Guide or no guide, I've yet to personally know of anyone who's good by the books and can write music that doesn't sound like it came out of Chapter 7.

Is there a certain amount of awareness that a book can bring? Yes. But all too often they trap people into a false perception.
__________________
"Man, modes 'n' scales ain't got no users, only abusers." - X.X. Little

Analyzing Brahms: Insights to Help Us Improve Our Music

My New Workstation
Xiaoxi is offline   Reply With Quote
Old 02-14-2013, 04:44 PM   #37
ChucklesMginty
Avicii - Levels
 
ChucklesMginty's Avatar
 
Join Date: Jul 2007
Location: Avicii - Levels
So I just start writing and hope for the best, then work from there?

Alright, but I need to learn what a sonata is before I can write one.
__________________
Avicii - Levels
ChucklesMginty is offline   Reply With Quote
Old 02-14-2013, 04:44 PM   #38
Xiaoxi
Indeed.
 
Xiaoxi's Avatar
 
Join Date: Nov 2007
Location: Bodymore, Murdaland
Quote:
Originally Posted by Hail
think of it like a sports coach, only he's waving around a big, ugly stick in front of your face all the time

and they use batons, too

most of the time they're doing a play-by-play of the score, queueing entrances/crescendos/timing/etc, but it's quite an intricate art when you get down and dirty with it

most of my exposure is from filling in for drum majors in HS tho so i scooted by on the bare minimum

The primary role of the modern professional conductor is to unify the expression in performance, beyond any mechanical details like cues or dynamics. They have to lock in the entire orchestra on a spiritual, almost psychic level.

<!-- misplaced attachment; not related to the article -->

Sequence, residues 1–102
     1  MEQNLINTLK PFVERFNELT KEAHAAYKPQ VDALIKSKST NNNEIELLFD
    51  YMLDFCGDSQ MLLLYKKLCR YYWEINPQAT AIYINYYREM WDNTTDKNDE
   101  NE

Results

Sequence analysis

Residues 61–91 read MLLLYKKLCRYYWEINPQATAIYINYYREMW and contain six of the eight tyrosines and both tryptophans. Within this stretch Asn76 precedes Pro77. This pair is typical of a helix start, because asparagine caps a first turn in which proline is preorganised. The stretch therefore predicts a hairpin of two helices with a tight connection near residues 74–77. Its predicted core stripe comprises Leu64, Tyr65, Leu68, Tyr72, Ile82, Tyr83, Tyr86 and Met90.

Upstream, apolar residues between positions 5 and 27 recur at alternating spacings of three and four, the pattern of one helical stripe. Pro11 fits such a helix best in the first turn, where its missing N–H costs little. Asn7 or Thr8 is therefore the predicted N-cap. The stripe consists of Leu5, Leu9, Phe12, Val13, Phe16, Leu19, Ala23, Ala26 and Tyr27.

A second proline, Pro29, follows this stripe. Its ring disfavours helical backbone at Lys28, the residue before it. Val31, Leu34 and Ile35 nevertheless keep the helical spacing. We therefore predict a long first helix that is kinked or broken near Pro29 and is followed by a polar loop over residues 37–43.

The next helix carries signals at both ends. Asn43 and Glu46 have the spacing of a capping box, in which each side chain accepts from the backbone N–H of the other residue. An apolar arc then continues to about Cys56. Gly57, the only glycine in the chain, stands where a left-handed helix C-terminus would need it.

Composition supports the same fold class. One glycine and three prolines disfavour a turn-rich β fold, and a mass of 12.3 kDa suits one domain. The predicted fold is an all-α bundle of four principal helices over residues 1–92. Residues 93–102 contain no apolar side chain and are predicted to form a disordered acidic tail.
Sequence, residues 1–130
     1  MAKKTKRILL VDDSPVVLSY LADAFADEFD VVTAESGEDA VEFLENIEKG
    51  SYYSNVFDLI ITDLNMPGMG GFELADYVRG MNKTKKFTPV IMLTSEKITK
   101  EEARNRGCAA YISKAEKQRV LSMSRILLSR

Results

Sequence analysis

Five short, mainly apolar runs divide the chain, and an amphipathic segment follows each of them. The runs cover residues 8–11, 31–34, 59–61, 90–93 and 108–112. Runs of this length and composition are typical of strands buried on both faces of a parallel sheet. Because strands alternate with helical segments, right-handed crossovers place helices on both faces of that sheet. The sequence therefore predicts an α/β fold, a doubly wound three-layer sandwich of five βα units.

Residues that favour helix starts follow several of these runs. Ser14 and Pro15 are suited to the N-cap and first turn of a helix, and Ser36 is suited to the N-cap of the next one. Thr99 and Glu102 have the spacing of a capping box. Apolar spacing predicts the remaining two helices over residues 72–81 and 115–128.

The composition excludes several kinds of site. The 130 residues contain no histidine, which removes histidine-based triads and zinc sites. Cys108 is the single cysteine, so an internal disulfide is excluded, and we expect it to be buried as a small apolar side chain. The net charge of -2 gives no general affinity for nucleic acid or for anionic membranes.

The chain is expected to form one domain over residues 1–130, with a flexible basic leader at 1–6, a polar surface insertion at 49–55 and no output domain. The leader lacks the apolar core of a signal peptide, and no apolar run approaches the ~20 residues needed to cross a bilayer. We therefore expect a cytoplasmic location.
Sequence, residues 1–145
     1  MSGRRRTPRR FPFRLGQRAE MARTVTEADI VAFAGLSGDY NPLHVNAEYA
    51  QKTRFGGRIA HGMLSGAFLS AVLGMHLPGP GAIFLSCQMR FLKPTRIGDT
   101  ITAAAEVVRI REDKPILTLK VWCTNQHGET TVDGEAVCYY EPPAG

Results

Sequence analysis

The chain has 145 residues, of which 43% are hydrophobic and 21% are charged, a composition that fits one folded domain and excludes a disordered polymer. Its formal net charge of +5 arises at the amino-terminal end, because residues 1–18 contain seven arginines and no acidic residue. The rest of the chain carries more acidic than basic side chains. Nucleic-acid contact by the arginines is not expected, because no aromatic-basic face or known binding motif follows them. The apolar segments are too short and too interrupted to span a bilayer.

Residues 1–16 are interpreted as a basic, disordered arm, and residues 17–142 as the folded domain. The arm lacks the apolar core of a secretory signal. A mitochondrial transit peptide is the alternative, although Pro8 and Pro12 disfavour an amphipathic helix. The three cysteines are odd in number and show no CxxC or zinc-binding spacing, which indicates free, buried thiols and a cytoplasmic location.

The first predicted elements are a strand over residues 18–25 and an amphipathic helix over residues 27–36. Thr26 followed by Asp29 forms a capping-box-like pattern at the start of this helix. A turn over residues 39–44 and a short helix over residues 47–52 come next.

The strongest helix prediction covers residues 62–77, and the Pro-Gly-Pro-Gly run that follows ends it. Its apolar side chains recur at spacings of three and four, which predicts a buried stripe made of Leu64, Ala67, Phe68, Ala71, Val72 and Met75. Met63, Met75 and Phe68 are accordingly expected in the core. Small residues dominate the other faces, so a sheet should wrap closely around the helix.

And no, Frank Zappa does not even begin to qualify as a conductor.

There are a number of videos on YouTube which has some insights into the art of conducting from Leonard Bernstein, Arturo Toscanini, Carlos Kleiber, Sergiu Celibidache
__________________
"Man, modes 'n' scales ain't got no users, only abusers." - X.X. Little

Analyzing Brahms: Insights to Help Us Improve Our Music

My New Workstation

Last edited by Xiaoxi : 02-14-2013 at 04:49 PM.
Xiaoxi is offline   Reply With Quote
Old 02-14-2013, 04:45 PM   #39
ChucklesMginty
Avicii - Levels
 
ChucklesMginty's Avatar
 
Join Date: Jul 2007
Location: Avicii - Levels
No, but he did manage to conduct and everyone played in time.
__________________
Avicii - Levels
ChucklesMginty is offline   Reply With Quote
Old 02-14-2013, 04:46 PM   #40
Hail
kill both bass players
 
Hail's Avatar
 
Join Date: Jan 2010
Location: Dallas
Quote:
Originally Posted by Xiaoxi
The primary role of the modern professional conductor is to unify the expression in performance, beyond any mechanical details like cues or dynamics. They have to lock in the entire orchestra on a spiritual, almost psychic level.

And no, Frank Zappa does not even begin to qualify as a conductor.


idk yellow shark was pretty fuckin cool, dude
Hail is offline   Reply With Quote
Reply


Thread Tools Rate This Thread
Rate This Thread:

Posting Rules
You may not post new threads
You may not post replies
You may not post attachments
You may not edit your posts

vB code is On
Smilies are On
[IMG] code is On
HTML code is Off
Forum Jump



All times are GMT -4. The time now is 08:39 PM.

Forum Archives / About / Terms of Use / Advertise / Contact / Ultimate-Guitar.Com © 2014
Powered by: vBulletin Version 3.0.9
Copyright ©2000 - 2014, Jelsoft Enterprises Ltd.